It’s safe to assume that as a high-end product, regardless of the local culture, the higher up a certain society is on the socio-economic ladder, the more likely the outcome that iOS will have a greater market share. However, it’s important to remember that just because most iPhone users are wealthy does not mean that all wealthy people are iPhone users.
According to a US survey, in general,
- iPhone users earn 43.7% more than Android users
- iPhone users spend around double on tech than Android users do
- iPhone users spend 31.8% more time on their phones each day than Android users
On top of that we can see that even though Android has a higher share of global downloads, iOS far outweighs Android in its share of consumer spending.
It’s clear the iOS and Android audiences are very different but is it clear that you should communicate with different audiences differently? I certainly hope so. Remember that book analogy? Well, you wouldn’t market Fifty Shades of Grey to the same audience you would War & Peace, would you? You also wouldn’t market War & Peace the same way to an audience of high schoolers forced to read it as part of their curriculum as you would a geriatric classicist. App marketing is all about finding the right message for the right audience.
If you know your audience likes Fifty Shades of Grey, the messaging you’d use would target them specifically. The phraseology, design style, and overall messaging would be focused on your specific app’s audience’s likes and dislikes to really raise conversions by giving them what they want to see.
Android audiences, on the other hand, are a complete mixed bag. They like Fifty Shades, War & Peace, Archie Comics, The New Yorker, John Grisham, and Terry Pratchett. Not to mention those that don’t even read at all. Finding the common denominator that converts well for the whole audience is tricky and Google Experiments is certainly a great first step. But the message that works for that whole entire mixed-bag audience? You can definitely find a more refined and targeted messaging strategy for the iOS audience.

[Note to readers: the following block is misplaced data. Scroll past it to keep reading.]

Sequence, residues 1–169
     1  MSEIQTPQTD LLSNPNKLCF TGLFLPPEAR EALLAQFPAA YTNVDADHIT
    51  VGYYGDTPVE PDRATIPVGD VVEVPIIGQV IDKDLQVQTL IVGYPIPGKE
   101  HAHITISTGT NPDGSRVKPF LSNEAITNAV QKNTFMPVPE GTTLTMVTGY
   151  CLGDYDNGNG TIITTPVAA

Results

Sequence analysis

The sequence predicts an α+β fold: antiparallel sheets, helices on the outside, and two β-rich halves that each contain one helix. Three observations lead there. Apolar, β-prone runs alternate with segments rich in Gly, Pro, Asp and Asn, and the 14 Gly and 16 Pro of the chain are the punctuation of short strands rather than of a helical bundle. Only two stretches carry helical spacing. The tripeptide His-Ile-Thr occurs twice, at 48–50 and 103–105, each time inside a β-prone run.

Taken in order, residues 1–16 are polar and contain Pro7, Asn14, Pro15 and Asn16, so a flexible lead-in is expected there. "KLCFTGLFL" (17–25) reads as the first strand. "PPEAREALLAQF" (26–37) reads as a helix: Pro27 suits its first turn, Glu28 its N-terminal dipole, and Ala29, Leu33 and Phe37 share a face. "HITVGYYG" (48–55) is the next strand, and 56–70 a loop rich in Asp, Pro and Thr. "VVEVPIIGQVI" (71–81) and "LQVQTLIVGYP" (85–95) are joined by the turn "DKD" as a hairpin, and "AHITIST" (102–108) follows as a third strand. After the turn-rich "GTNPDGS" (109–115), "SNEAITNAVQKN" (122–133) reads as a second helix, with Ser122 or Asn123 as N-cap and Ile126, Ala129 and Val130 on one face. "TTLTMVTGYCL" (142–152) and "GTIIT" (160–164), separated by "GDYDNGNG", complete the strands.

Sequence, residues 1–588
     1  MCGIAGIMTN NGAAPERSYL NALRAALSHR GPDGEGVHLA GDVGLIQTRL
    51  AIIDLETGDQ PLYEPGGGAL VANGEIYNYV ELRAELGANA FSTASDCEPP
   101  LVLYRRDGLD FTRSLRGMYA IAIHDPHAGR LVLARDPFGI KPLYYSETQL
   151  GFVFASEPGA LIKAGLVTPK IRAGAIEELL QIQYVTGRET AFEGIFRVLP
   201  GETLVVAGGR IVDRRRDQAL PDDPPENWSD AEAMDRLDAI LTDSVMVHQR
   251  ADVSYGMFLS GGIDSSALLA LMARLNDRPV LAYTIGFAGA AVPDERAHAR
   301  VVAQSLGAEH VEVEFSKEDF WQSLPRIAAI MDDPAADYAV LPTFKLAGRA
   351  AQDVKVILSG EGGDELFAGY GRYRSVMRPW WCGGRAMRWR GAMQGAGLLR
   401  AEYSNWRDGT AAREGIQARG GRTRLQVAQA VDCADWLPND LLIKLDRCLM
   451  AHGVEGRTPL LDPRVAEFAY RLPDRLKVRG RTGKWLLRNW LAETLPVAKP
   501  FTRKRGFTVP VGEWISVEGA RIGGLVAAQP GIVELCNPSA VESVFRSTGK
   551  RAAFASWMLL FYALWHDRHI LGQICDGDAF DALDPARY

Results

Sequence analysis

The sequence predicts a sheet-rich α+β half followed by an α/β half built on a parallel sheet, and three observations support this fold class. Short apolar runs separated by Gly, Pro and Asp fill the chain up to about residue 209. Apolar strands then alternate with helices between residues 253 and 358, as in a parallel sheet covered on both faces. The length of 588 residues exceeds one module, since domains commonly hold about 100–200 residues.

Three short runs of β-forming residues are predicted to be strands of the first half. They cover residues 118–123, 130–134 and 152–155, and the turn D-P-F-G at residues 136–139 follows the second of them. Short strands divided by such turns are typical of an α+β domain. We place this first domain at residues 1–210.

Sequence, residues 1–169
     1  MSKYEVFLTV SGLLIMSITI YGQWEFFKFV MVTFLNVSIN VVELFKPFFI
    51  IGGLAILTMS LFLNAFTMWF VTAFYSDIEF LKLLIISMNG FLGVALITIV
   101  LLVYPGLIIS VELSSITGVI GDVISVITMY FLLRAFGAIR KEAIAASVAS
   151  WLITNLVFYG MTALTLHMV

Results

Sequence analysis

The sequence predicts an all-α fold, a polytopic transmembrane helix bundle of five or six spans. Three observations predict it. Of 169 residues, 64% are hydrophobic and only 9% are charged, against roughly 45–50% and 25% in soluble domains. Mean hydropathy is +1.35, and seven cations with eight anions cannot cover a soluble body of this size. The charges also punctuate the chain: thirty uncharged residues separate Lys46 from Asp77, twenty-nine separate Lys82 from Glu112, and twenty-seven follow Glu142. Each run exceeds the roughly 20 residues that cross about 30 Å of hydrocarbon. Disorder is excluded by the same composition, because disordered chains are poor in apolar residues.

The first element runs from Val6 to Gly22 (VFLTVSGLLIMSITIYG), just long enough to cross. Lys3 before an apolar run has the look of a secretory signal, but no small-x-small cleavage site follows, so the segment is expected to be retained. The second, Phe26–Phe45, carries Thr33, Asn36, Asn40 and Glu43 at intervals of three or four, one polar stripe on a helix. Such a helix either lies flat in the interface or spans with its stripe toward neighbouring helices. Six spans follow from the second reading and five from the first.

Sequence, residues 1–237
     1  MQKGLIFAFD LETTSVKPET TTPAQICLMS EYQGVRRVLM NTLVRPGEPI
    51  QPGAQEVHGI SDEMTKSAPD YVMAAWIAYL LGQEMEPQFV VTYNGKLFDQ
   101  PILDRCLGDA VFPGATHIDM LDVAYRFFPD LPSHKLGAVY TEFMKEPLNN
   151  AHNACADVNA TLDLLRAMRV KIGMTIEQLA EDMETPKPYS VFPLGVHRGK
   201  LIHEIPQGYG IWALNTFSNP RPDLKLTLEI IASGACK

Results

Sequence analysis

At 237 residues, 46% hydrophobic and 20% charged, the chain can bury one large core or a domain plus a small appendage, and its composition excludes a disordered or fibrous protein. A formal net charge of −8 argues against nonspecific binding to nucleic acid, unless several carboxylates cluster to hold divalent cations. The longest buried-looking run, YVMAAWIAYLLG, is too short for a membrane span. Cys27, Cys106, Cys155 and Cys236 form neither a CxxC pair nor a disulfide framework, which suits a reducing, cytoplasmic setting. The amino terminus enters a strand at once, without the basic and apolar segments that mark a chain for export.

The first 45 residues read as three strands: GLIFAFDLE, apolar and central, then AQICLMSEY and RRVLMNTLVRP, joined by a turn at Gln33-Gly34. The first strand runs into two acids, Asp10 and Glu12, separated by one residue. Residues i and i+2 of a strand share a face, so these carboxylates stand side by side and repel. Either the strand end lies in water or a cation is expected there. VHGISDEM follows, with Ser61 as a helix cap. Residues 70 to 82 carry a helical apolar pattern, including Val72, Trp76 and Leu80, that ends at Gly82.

Think about your app’s specific audience and its platform-specific audiences. A ride-sharing app might find that Google Experiments directed them to creatives that focused a messaging strategy around cost-saving, whilst an iOS test might find users were more interested in benefits like convenience and comfort.
But how can you convey that message and tell that story in a way that’s most appealing? By carefully structuring the plot to make it most enticing.
Different layouts lead to different user’s journey
What assets users see, the chapters they read on your product page, are laid out differently in each store and how users move through each store is different too. Thus the way they consume the story you want to tell them is different and that consumption will affect their internalization.
We already know that iOS and Android audiences are different and we know that the product pages look different because they contain different elements in different configurations. See, they’re different.
just from looking at the different product pages you can see that certain assets are more prominent in the different stores. Two recent(ish) developments have further differentiated how users navigate each app store. Since the Google Play redesign came into effect last year, it has had a major impact on how users navigate the page and significantly increased the amount of decisive users, those that make a decision immediately after exposure to the first impression alone. And for Apple, since iOS11, the advent of autoplay has vastly increased the number of users who view the video content, as opposed to just being exposed to the poster frame.